FAQ

Theme: Help! I feel anxious in social situations…

Q. On many social occasions I feel very awkward and hesitant. Although I do end up meeting people and talking to them, the few minutes are difficult. Am I just being shy or do I have something more than shyness?

A. Shyness is a feeling of feeling of apprehension, awkwardness that people usually experience in the presence of others. Many people consider shyness to be a hindrance to achieving personal goals.

Shyness is also considered as being part of one’s temperament. Social anxiety or social phobia is an extreme form of shyness and social withdrawal. However, not all people who are shy have social phobia. When you are experiencing significant disturbance in your personal, professional and other areas of life due to this awkwardness and social withdrawal you can consider taking professional help to overcome this. Remember there is help available for social anxiety and shyness is not the same as social phobia!

Q. I seem to have a problem of becoming anxious only when I am presenting to a big group and often avoid it. But I am comfortable talking to friends, relatives at other times. I was told I have social anxiety- I cannot understand how I can be having social anxiety when I have a fear only of making a presentation?

A. Social anxiety can be of different types. The most common one that affects young people, particularly students and young professionals is that of public speaking anxiety or specific social anxiety. They can get along without anxiety in other situations, where they do not expect to others to evaluate their performance negatively or fail.

They are others who have what is called generalized social anxiety- and experience anxiety in many social situations like talking over the phone in front of others, meeting people in formal or informal settings or even entering a room full of people.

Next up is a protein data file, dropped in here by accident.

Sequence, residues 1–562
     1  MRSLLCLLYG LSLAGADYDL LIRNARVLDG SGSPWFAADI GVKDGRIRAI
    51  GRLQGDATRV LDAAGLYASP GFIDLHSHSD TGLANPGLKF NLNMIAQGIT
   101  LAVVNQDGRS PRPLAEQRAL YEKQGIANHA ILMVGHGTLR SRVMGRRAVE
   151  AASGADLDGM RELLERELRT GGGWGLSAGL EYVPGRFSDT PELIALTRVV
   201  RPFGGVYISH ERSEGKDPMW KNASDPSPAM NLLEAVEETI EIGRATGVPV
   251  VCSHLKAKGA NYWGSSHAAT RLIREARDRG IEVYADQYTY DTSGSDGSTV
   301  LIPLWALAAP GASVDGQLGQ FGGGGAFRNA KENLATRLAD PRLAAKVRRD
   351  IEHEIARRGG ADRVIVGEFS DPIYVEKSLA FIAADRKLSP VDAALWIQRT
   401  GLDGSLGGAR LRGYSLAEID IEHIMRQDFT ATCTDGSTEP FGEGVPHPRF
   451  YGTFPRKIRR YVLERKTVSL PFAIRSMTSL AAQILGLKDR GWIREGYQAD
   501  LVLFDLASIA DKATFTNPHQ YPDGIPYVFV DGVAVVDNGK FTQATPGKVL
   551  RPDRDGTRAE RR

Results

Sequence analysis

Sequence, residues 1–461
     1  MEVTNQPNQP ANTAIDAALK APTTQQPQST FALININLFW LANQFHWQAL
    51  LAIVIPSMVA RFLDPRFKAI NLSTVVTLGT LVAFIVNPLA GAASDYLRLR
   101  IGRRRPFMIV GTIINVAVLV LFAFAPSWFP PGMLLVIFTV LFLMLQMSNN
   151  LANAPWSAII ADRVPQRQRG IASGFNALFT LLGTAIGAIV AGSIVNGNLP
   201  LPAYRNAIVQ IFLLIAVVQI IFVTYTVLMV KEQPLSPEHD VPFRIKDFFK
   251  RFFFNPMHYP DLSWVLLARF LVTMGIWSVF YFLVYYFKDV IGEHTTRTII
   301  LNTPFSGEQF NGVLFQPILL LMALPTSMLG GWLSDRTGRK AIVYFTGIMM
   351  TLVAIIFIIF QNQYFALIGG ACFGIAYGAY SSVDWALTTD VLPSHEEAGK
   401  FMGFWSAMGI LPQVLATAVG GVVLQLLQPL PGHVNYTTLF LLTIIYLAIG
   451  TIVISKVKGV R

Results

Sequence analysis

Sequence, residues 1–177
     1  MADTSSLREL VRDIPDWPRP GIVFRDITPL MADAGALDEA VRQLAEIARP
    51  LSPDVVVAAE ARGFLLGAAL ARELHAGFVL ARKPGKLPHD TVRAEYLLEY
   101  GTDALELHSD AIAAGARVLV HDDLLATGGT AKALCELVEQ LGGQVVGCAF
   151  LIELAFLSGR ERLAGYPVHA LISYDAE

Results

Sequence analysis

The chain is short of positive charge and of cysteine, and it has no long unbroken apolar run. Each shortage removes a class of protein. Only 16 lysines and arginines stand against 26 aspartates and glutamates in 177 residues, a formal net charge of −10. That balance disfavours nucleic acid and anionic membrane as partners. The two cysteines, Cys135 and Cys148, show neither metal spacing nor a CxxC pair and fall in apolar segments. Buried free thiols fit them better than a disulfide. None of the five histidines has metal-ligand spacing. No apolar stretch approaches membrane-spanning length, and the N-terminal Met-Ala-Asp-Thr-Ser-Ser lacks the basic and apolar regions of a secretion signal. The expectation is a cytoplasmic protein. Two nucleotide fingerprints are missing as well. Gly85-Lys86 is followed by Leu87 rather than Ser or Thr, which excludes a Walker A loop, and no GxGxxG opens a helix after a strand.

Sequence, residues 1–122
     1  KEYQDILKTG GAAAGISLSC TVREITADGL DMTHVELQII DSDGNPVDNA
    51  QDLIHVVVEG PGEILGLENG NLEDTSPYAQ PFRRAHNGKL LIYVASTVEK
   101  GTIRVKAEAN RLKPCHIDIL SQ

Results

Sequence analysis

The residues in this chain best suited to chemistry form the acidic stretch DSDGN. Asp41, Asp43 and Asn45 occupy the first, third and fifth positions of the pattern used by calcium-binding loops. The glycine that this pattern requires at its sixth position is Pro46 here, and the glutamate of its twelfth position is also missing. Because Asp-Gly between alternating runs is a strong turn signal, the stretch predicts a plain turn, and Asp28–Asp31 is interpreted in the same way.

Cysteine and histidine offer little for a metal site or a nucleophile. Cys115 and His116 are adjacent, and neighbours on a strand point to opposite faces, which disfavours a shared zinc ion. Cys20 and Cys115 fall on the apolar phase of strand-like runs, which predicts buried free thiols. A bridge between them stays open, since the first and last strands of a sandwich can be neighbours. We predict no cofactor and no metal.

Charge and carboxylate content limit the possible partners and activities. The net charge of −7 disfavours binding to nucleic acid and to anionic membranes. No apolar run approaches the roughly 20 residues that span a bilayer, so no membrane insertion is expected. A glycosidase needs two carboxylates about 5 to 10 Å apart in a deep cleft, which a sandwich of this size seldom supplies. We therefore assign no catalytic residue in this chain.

Q. Even though I feel like a nervous wreck during my presentations and believe that I look like one, my friends tell me that they don’t notice anything! How can that be?

A. Often during a socially anxious moment, only you will be excessively aware of your anxiety and awkwardness. This is due to a phenomenon called self-focused attention or excessive self consciousness. So you may believe that what is so obvious to you is obvious to others as well. But in reality others may never notice it to the extent you do. Being excessively self- focused can just make you more anxious and you often end up reading others’ minds- thinking – “they must think I am such an awkward speaker!”

Q. Much after an event I keep wondering why I said something the way I did… how I should have corrected myself. After all this thinking, I end up feeling sad…

A. Many people do a “post-mortem” or a post-event analysis of what they said or did in social situations. They go over and over things in great detail and in the process amplify tiny negative details that would have otherwise been forgotten. This excess focus on small details or so called mistakes makes you feel sad.

Q. When I feel awkward about attending social gatherings and meetings, I try to deal with it by avoiding it. My friends force me to attend but I end up leaving the party mid way. How can I help myself? I don’t see any other way of dealing with my fears.

A. Avoiding social situations that cause anxiety can only temporarily help reducing your fears. But once you need to face the same situation again, you may experience the same or greater fear.

Fears tend to grow or “incubate” with both avoidance and brief exposures, like going for a party and leaving it when your fears begin to increase.

A simple yet effective way is to list your fears and gradually face them one by one, starting with the lowest one. Remember staying in the situation not only helps you body get habituated to the anxiety; it also helps you learn that some of the expected consequences may never occur!

 

Expert: Dr Paulomi M Sudhir

Additional Professor

Dept of Clinical Psychology, NIMHANS, Bangalore

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